I suppose it posed the question and credibility of why a man should place into a trust (from which he can neither benefit nor control) so much of his wealth. Leaving so little that he has to rely on the largess of an ex-wife to the tune of an untaxed £/$100m a year from that self same trust to keep his body and soul nourished?  

 

Now while Panorama were certainly a little short of information but they highlighted fraud/evasion concerns that HMRC would not only be aware of also be considering an intervention in Ecclestone's tax affairs in the light of the earlier revelations of the trusts administrators.

 

But as a very senior tax specialist commented to me yesterday "while the programme failed to be specific enough on detail to draw conclusions, what was patently obvious is the whole thing stinks". Furthermore she informs me that in fraud cases HMRC are not 'time barred' so they can and will go back as far as it takes dependent on the evidence and the possibility of winning the case.

 

Now Ecclestone has been branded a liar by one UK High Court Judge and currently charged in a Munich trial with bribery, why limit discussion on the breath of Mr Ecclestone's other indiscretions? To ignore them and the character traits he ably demonstrates in allegedly fiddling his and F1's tax liability is nonsensical and while often it's seen as a victimless crime but those millions or billions could have been put to better use in our hospitals rather then funding the Ecclestone family's extravagant life style through fraud.



#608 Nemo1965

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Posted 02 May 2014 - 14:05

I suppose it posed the question and credibility of why a man should place into a trust (from which he can neither benefit nor control) so much of his wealth. Leaving so little that he has to rely on the largess of an ex-wife to the tune of an untaxed £/$100m a year from that self same trust to keep his body and soul nourished?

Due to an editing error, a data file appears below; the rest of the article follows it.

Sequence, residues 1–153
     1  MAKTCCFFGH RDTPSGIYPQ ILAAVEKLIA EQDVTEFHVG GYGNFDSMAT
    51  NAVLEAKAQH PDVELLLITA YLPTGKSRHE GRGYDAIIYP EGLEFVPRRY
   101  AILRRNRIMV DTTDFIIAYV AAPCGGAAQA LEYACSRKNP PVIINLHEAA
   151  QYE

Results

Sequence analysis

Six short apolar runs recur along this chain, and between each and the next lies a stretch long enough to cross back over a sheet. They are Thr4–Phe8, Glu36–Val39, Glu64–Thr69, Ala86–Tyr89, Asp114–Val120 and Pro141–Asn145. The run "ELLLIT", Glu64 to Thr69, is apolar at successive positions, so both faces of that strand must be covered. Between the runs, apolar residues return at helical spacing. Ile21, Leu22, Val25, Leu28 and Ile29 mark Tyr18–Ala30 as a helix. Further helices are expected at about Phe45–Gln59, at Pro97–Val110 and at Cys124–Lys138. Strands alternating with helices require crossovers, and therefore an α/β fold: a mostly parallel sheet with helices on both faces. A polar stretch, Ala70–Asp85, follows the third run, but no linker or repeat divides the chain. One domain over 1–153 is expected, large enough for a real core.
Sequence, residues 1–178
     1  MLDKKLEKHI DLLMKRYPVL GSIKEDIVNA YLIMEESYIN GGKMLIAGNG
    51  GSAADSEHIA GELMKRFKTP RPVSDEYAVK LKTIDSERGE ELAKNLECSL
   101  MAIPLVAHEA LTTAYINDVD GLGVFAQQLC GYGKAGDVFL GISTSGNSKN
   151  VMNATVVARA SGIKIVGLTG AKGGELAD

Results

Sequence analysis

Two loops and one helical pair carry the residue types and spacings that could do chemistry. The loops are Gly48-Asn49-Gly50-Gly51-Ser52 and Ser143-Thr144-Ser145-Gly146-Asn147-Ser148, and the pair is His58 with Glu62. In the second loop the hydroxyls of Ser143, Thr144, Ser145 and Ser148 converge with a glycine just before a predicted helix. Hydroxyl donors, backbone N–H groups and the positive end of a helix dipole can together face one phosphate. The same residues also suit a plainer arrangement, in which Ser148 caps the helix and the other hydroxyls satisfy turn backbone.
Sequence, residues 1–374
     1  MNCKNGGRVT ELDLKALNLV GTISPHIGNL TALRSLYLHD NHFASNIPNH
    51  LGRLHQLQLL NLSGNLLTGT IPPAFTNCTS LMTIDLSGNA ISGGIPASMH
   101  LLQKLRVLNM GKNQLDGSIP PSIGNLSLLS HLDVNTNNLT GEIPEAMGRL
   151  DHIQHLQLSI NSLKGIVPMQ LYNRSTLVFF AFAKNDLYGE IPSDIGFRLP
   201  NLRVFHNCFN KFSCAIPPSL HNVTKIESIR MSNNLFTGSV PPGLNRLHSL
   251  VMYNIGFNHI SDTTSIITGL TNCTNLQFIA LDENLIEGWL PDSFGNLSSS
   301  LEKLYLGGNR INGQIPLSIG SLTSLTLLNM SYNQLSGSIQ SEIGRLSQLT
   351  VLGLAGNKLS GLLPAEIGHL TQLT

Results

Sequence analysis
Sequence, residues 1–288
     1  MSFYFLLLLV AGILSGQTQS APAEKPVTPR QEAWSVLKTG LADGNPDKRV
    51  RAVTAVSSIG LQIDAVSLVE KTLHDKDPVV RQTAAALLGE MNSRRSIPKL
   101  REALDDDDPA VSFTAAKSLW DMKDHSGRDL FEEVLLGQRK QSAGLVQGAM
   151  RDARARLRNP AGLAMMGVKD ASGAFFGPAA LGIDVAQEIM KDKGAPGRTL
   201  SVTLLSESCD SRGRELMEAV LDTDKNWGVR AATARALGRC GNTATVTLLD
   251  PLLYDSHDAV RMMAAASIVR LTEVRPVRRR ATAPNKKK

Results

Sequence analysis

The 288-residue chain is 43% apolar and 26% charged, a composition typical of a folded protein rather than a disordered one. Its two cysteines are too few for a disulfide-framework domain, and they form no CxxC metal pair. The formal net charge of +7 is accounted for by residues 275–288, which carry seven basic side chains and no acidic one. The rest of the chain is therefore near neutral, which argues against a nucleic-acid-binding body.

Now while Panorama were certainly a little short of information but they highlighted fraud/evasion concerns that HMRC would not only be aware of also be considering an intervention in Ecclestone's tax affairs in the light of the earlier revelations of the trusts administrators.

 

But as a very senior tax specialist commented to me yesterday "while the programme failed to be specific enough on detail to draw conclusions, what was patently obvious is the whole thing stinks". Furthermore she informs me that in fraud cases HMRC are not 'time barred' so they can and will go back as far as it takes dependent on the evidence and the possibility of winning the case.

 

Now Ecclestone has been branded a liar by one UK High Court Judge and currently charged in a Munich trial with bribery, why limit discussion on the breath of Mr Ecclestone's other indiscretions? To ignore them and the character traits he ably demonstrates in allegedly fiddling his and F1's tax liability is nonsensical and while often it's seen as a victimless crime but those millions or billions could have been put to better use in our hospitals rather then funding the Ecclestone family's extravagant life style through fraud.

 

I think, in retrospect, that if the HMRC starts new investigations into Bernie's taxdealings, Panorama did offer some nails to the coffin...

 

Furthermore, I agree on the general assesment you and your learned friend made of the program. It was a journalistic program for the broad public, not a file for tax-attorneys and not even for F1 anoraks. It painted in broad strokes how Ecclestone has organised his financial life... wether or not he is convicted, at least for the public the program offers enough material to debate the question: legal or illegal, is this morally acceptable behaviour?